“Reading helps us understand other people’s struggles,” said one fifth grade student. “We become better people when we talk about what we’re reading with other people,” added his classmate. “We see things from other perspectives.”
Just five years ago, these students were using toy magnifying glasses as a reminder to look closely at the parts of each word as they decoded it. The progress a reader makes in elementary school is momentous. Katonah-Lewisboro’s strong curriculum builds students’ overall skills in communication—reading, writing, speaking and listening—equipping them to express and exchange ideas effectively.
“Our focus is on active literacy,” said Mary Ford, Katonah-Lewisboro’s assistant superintendent of curriculum and instruction. “Our curriculum purposefully and consistently strengthens the three components of literacy: word study, fluency and comprehension.”
word study: phonemic awareness
Walk into Colleen Walsh’s kindergarten class at Increase Miller Elementary School first thing in the morning and you’ll catch her class doing daily phonics exercises. She and her students say each letter of the alphabet and the sound it makes in unison while moving their arms together. Then they do it backwards, Z to A!
“I do some kind of letter movement each day,” said Walsh. “It helps students acquire letter sounds and focus during reading time.”
This type of daily routine is one way that students in the lower grades develop phonemic awareness – the recognition that words are made up of separate speech sounds. Here, students use this multi-sensory approach to strengthen their knowledge of letters and sounds.
phonics, spelling and vocabulary
“Tap it, blend it, say the word, write the word.” Katonah Elementary School’s first grade teacher Rebecca Wayland and her students say this progression together as part of a phonics lesson on blending sounds. “Tap it” means to touch a finger to their thumb for the separate sounds they identify at the beginning, middle and end of words. This is a strategy taught through Fundations, the resource used for word study in grades K-3 across the district and reinforced during reading and writing workshop.
“Duck, quick, bath, chop,” the students tap together, then write the words on their desk-sized white boards. Wayland checks in one by one and celebrates their achievements with “air high-fives.”
As they move to reading sentences, Wayland asks, “Are we going to guess what a word is?” “No way!" she emphasizes. "We’re going to use what we know about sounds to help us figure it out.”
She reminds students that they are word detectives and one of their missions is to do a slow check to make sure that what they are reading looks right, sounds right and makes sense.
student love mysteries!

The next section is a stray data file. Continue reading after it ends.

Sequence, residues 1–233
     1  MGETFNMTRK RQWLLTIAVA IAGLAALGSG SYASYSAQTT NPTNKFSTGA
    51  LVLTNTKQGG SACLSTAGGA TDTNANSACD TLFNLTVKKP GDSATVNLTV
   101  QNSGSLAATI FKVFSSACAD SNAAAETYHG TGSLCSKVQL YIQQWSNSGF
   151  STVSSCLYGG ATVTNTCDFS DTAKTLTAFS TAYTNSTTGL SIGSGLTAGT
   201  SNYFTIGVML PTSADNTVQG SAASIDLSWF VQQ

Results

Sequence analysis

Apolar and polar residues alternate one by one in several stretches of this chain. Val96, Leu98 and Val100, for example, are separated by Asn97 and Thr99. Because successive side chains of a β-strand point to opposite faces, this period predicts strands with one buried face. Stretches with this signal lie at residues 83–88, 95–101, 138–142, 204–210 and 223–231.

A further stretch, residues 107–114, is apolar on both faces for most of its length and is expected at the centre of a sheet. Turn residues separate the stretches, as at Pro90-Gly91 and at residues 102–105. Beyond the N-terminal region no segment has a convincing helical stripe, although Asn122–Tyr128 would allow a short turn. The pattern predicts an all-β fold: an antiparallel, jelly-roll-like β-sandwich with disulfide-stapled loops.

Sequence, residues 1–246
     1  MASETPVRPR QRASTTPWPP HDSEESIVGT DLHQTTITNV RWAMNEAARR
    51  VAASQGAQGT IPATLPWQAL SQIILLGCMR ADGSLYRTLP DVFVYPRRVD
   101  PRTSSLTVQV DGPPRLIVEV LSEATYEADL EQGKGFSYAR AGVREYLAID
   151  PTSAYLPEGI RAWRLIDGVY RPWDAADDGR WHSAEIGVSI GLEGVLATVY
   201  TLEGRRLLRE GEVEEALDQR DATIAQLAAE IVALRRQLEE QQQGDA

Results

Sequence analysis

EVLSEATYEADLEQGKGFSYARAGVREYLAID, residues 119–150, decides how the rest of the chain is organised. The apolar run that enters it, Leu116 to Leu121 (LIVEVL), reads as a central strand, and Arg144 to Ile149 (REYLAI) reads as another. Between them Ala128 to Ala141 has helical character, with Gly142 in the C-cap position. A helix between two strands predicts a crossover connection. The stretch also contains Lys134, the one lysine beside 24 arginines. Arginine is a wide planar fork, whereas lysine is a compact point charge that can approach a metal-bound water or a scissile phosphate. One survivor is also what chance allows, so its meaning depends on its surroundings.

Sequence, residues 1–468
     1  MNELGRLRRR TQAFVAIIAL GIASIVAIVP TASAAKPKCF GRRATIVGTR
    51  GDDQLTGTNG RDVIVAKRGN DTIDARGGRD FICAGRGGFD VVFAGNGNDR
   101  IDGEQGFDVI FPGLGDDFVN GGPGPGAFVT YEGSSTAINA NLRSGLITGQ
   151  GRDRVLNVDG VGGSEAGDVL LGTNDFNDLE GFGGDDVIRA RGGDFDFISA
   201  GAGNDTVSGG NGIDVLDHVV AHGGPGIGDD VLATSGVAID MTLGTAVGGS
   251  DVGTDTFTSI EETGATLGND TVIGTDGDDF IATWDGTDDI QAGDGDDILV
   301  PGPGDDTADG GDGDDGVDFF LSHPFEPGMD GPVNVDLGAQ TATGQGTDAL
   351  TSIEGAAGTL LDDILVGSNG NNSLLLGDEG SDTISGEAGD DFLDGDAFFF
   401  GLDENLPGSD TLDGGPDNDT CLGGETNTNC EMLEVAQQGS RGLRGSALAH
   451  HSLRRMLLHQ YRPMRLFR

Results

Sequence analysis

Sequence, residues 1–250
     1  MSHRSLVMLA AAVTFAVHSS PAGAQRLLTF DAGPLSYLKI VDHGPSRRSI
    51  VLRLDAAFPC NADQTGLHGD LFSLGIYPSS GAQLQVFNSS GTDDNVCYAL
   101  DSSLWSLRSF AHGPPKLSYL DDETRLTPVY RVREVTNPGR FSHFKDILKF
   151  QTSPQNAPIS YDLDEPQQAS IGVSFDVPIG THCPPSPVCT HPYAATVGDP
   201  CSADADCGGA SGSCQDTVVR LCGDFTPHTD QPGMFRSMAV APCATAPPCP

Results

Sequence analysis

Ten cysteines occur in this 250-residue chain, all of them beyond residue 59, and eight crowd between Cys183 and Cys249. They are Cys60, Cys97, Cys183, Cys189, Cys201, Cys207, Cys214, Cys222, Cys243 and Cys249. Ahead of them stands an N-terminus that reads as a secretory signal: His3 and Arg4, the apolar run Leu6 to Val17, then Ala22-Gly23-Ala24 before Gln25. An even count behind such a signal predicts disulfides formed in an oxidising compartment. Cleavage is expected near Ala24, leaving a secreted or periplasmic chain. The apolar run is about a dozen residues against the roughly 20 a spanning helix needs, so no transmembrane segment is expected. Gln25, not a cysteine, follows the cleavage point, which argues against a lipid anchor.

fluency means accuracy, rate and expression
Shhh, don’t make any noise … it’s the mystery unit in Meadow Pond Elementary School’s third grade and readers are completely engrossed in their books.
“The powerful thing about mysteries is they have a way of hooking readers into books. While students follow clues and try and solve their mysteries they build up their reading stamina because they can’t put their books down,” said Alison Porcelli, staff developer for Katonah-Lewisboro’s elementary schools. “The more students read, the better they get at reading with accuracy and higher levels of comprehension.”
Teacher Connie Merritt adds to the fun by playing the theme song to "The Pink Panther" as the students transition from persuasive writing to mystery reading. First, some vocabulary. Terms like red herring, culprit, motive and suspect are reviewed. Next, students pair up with a pre-assigned breakout buddy and talk about what they are reading. Then, a solid twenty-minute block of reading, during which Merritt has mini one-on-one book chats with students.
“What clues did you notice in your reading?” Merritt asks the students. “Jot it down in your reader’s notebook, then share it out.”
“The mummy came out of the coffin.”
“It’s not a clue but I noticed figurative language.”
reading comprehension is built through discussion and writing
“I think the marshmallow cake is no accident,” said one of a trio of fifth graders, referring to the dessert the mother in “Charles,” a short story by Shirley Jackson, is eating in the final scene. “That mother is intense,” said another student. “That’s the moment the mood of the story changes,” said the third member of the book group, paging to the end of the story to read that part out loud.
It was day one of book groups in Geneve Patterson and Susan Hirsch’s fifth grade class at Katonah Elementary School. The class had spent a full period preparing for the productive and thoughtful exchanges, discussing important components including everyone having the text in front of them, looking at the person speaking and building on each other’s thoughts.
Another important part of the preparation was the close reading the students did prior to the discussion. “Annotate the text,” Patterson instructed, “and take notes in your reader's notebook about character traits, turning points, struggles and themes.”
Before lunch, students posted some of the big ideas they discussed on Pear Deck for the whole class to see. “We’re going to take it to another level tomorrow,” said Patterson. “You are going to be writing an essay about one of these big ideas.”